The peregrine is the world’s fastest bird; it can reach over 200 miles as it dives from tall cliffs onto smaller birds (1). It circles high searching for prey and when a smaller bird like a pigeon takes off it plummets to the earth and kills it with razor sharp talons. The Peregrine’s identifying characteristics include its large size, long pointed wings and dark mustache set against white cheeks (11). The female has a wingspan of about 4 feet and often weights more than two pounds as compared to the smaller males the generally only weight in at one pound (11). It was found from the subarctic boreal forests of Alaska and Canada all the way south to Mexico (1). It was called ‘the worlds most successful flying bird’ largely as a result of its unsurpassed flight characteristics and unusually stable, near-global population. Peregrines could once be found on every continent except Antarctica (2). Besides man the Peregrines only natural predator is the great horned owl which often raids the Peregrines nest (11).
The peregrine has recovered remarkably well. It is now found throughout North America and is breeding in the wild. There are 1,593 breeding pairs of Peregrines in North America, up from 324 in 1975 and well past the initial repopulation goal of 631 pairs (3). Their repopulation was aided by their integration into manmade environments. Peregrines have adapted remarkably well to the city environment. Often they make nests on the ledges of sky scrappers where they are able to dive down onto the unsuspecting pigeons that cloud the city air. They will return to the same ledge year after year. Over 50 pairs of Peregrines winter in L.A. (4).
DDT was a very effective and stable pesticide that was sprayed over large sections of swampland in order to combat mosquito populations. Because of its stability it was concentrated as it moved up the food chain. It kills mosquitoes and other small insects that are then eaten by fish which in turn are eaten by birds of prey. When DDT is introduced into the environment it produces DDE, which accumulates in eggshells causing them to break in the nest (2). The Environmental Protection Agency banned the pesticide in 1972. One of the major driving forces behind the banning of DDT was the book “Silent Spring” by Rachel Carson, who was a former U.S. Fish and Wildlife employee (3).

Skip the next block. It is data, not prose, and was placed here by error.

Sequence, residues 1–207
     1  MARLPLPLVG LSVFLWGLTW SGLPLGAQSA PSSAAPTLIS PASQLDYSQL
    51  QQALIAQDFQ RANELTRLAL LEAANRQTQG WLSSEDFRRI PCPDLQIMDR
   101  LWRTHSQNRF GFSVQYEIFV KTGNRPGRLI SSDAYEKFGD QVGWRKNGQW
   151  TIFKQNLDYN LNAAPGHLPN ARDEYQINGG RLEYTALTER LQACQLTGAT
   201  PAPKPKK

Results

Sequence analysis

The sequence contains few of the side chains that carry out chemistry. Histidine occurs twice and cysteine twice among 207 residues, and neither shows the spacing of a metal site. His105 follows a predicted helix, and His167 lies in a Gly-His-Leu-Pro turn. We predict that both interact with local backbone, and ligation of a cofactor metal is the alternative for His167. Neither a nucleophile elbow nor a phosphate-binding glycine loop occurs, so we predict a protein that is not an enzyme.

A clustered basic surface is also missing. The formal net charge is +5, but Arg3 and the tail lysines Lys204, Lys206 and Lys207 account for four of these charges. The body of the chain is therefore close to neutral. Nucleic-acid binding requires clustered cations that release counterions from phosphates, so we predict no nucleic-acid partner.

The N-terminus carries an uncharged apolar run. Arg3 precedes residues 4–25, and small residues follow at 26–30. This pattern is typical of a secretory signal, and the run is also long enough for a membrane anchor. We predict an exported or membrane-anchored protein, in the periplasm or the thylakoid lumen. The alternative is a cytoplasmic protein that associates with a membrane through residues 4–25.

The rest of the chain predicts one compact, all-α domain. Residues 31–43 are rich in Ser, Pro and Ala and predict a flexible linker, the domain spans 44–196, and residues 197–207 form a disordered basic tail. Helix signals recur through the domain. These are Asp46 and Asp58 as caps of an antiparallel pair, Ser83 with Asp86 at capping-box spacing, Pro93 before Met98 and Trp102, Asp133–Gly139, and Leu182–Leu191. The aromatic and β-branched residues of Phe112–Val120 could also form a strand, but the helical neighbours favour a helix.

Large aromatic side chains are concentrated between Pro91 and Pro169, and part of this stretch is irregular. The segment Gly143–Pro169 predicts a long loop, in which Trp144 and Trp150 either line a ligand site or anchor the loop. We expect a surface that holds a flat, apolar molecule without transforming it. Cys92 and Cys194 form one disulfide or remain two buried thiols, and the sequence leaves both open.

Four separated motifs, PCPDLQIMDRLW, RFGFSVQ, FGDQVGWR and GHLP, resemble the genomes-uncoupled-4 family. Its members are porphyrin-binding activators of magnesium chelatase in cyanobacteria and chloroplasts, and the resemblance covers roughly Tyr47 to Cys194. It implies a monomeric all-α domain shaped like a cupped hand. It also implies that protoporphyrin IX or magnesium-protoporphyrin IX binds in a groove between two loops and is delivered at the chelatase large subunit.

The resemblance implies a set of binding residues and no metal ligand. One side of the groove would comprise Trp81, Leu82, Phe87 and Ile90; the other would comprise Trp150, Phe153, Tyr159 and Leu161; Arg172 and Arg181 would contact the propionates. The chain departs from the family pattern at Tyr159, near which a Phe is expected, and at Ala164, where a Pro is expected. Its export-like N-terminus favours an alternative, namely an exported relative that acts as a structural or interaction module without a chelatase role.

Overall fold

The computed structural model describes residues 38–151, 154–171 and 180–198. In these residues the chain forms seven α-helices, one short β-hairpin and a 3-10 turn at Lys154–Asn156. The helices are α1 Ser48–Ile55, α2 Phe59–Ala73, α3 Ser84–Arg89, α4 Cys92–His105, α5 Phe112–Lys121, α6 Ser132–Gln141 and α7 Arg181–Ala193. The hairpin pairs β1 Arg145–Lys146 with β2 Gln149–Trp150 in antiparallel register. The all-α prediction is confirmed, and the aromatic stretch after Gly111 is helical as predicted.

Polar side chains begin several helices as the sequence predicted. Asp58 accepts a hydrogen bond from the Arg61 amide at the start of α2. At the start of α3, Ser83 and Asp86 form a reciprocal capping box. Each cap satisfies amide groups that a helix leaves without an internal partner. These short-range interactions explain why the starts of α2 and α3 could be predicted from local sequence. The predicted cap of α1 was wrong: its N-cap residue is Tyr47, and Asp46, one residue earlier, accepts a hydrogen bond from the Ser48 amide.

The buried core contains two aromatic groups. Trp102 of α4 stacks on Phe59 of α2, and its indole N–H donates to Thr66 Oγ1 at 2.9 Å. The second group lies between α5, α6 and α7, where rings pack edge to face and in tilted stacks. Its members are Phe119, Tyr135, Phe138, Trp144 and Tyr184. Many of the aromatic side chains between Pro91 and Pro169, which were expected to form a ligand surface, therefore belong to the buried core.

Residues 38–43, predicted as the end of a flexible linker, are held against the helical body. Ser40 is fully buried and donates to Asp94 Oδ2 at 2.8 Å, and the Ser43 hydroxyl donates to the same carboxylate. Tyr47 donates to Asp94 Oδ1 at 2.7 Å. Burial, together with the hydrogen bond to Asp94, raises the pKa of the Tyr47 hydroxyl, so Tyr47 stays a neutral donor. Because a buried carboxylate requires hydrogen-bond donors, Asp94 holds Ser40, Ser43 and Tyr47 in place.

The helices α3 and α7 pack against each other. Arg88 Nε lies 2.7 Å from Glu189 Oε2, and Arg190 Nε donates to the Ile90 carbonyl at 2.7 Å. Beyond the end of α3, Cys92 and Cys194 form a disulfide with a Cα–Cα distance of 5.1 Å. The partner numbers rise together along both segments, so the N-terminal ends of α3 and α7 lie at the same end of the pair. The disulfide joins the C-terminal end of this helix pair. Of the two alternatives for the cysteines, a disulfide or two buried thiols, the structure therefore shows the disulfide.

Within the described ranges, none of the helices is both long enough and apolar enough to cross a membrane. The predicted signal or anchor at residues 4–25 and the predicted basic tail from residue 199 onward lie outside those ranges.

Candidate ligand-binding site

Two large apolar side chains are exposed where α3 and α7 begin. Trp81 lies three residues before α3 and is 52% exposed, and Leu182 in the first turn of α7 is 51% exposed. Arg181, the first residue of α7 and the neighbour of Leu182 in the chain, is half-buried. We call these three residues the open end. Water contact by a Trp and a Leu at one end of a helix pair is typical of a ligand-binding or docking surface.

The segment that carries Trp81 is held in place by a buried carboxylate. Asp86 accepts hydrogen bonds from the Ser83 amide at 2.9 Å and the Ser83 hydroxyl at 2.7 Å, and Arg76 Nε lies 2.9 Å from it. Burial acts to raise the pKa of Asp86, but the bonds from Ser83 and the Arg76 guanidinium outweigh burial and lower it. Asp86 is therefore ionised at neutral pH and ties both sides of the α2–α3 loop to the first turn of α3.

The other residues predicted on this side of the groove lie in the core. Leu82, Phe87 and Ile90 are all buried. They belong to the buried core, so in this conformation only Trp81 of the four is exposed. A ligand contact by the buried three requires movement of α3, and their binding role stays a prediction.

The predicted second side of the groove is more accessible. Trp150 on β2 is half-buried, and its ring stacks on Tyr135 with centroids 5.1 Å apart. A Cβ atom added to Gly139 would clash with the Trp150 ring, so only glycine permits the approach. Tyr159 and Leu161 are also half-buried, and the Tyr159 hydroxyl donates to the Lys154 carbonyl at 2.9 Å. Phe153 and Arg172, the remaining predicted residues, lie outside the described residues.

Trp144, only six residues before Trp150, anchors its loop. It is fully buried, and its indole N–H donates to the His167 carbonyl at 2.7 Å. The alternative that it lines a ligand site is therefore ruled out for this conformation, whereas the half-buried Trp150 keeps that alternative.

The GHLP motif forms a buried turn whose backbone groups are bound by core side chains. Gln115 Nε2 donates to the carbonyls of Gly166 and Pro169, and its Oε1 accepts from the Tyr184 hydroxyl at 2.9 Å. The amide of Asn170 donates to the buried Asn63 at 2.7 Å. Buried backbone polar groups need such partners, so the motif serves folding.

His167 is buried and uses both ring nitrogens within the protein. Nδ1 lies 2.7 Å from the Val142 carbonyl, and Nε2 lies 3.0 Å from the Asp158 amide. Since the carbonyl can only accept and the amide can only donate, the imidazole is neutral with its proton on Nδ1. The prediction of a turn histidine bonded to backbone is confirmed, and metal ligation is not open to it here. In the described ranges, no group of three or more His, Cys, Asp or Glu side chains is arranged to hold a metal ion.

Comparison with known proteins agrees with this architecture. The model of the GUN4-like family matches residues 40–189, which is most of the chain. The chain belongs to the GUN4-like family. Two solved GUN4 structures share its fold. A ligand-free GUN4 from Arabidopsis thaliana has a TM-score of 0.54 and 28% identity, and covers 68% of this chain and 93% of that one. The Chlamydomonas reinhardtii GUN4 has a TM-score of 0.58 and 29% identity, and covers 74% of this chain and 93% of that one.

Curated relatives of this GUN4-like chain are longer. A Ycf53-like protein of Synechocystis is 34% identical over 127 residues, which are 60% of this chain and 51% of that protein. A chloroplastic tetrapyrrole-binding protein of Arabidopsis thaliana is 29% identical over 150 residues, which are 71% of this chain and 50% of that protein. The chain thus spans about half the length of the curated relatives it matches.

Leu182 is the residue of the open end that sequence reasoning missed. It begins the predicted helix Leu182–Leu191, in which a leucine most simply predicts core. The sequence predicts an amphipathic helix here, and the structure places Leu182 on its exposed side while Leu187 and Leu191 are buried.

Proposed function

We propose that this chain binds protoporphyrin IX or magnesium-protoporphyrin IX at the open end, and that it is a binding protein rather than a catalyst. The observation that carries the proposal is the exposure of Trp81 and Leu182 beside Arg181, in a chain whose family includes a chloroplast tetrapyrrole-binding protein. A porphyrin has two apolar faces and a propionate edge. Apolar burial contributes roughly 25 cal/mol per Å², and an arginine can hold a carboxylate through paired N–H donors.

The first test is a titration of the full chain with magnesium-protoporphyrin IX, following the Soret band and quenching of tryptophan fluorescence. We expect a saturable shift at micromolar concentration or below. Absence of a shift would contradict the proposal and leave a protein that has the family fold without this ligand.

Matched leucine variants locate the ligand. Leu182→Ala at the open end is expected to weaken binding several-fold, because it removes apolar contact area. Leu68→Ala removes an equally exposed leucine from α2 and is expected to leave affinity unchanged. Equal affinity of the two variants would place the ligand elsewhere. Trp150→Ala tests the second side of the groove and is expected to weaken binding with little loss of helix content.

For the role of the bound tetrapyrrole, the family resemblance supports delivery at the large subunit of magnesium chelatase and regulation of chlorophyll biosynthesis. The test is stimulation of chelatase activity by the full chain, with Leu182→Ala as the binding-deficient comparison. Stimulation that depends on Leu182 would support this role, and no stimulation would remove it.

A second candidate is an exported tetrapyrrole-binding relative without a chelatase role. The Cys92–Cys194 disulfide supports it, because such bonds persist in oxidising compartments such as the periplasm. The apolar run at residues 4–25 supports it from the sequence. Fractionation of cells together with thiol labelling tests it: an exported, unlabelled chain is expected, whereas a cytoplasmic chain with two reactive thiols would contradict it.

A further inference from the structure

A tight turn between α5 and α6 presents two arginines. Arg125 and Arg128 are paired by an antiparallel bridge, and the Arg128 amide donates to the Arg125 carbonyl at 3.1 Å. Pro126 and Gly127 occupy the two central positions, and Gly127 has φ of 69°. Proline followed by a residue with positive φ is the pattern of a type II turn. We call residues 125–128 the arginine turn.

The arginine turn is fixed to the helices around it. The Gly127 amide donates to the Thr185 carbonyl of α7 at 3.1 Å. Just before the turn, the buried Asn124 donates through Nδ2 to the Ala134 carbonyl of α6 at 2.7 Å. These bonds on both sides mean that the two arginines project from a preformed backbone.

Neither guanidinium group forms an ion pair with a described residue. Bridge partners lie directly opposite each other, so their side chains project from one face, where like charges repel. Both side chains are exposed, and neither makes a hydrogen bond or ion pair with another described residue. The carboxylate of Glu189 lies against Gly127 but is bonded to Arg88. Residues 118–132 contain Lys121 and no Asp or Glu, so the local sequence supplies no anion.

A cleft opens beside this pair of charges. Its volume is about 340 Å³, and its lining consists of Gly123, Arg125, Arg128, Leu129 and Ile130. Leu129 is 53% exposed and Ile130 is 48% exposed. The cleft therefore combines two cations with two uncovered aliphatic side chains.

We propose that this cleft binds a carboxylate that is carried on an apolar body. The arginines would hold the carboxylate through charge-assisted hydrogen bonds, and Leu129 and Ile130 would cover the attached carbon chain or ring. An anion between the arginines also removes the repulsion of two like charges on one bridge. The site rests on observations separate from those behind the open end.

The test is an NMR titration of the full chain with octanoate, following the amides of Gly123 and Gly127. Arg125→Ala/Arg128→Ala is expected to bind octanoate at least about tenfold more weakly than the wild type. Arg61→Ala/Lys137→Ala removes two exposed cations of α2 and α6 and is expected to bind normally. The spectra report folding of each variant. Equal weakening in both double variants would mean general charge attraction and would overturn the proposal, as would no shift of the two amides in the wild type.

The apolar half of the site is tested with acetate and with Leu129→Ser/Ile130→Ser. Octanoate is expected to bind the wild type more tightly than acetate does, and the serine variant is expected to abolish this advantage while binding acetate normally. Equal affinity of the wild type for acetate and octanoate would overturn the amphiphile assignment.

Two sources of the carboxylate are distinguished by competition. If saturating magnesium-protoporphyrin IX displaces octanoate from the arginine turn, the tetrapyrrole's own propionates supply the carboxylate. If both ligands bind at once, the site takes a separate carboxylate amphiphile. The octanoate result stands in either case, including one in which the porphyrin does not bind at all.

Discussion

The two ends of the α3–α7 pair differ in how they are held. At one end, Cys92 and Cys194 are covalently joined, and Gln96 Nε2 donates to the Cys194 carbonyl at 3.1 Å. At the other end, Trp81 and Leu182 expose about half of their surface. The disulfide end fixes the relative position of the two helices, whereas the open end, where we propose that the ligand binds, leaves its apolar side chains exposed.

Peregrines are often brought into shelters after being wounded by hunters. In past years they were killed because they feed off of game birds such as quail. The Migratory Bird Treaty Act states that it is illegal to trap, kill, or otherwise disturb the Peregrine and it’s nests. DDT and its effects decimated a once healthy peregrine falcon population. Populations in the western states dropped more than 90% (3). In 1970 there were only two pairs in all of California, down from an estimated 300 in 1960 (2).
The population was helped along the road to recovery by the banning of DDT. Despite this action large amounts of the chemical lingered in the environment for years to come. The peregrine was put on the endangered species list in 1973(2). This is one of the reasons for its rapid increase. There was a massive captive breeding effort and over 6,200 pairs were released into the wild (4). Mostly volunteers and zoos hand raised these falcons. This breeding effort was instrumental in repopulating the Peregrine to the wild. One problem with a captive breeding program is the possibility of a founding effect and population bottleneck. Also many non-innate behaviors, normally taught by the parents, captive hatchlings do not know. Often times eggs from captive breed birds would be placed in wild Peregrine nests. The success of the Peregrine has become an important symbol for the Endangered Species List and the US Fish and Wildlife. Its success means that it is possible to repopulate a species into the wild.
Controversy still surrounds the Peregrine even in the midst of its amazing rebound. The numbers of Peregrine pairs in the wild are much higher than the original goals of the repopulation programs. As mentioned earlier, in 1970 there were only 2 peregrine pairs left in California, in 1997 there were 125 pairs (2). As a result of the overall increase in Peregrine population, on August 25, 1999 it was taken off the endangered species list (1). This move was harshly criticized by some of the scientists who were instrumental in the falcons return to the wild. Even though the population has increased dramatically, little has been done to protect the habitat of the birds and the loss of genetic variability remains a major concern. The large increase in peregrine population is largely the result of captive birds being released and as a result it is believed that there may be a population bottleneck and a loss of genetic variability. For the most part the Peregrine’s population has expanded, but the genetic variability of the species remains undetermined. For the most part however, the Peregrine still stands as one of the few successful attempts to reverse the consequences of mans interference in the natural cycle of life.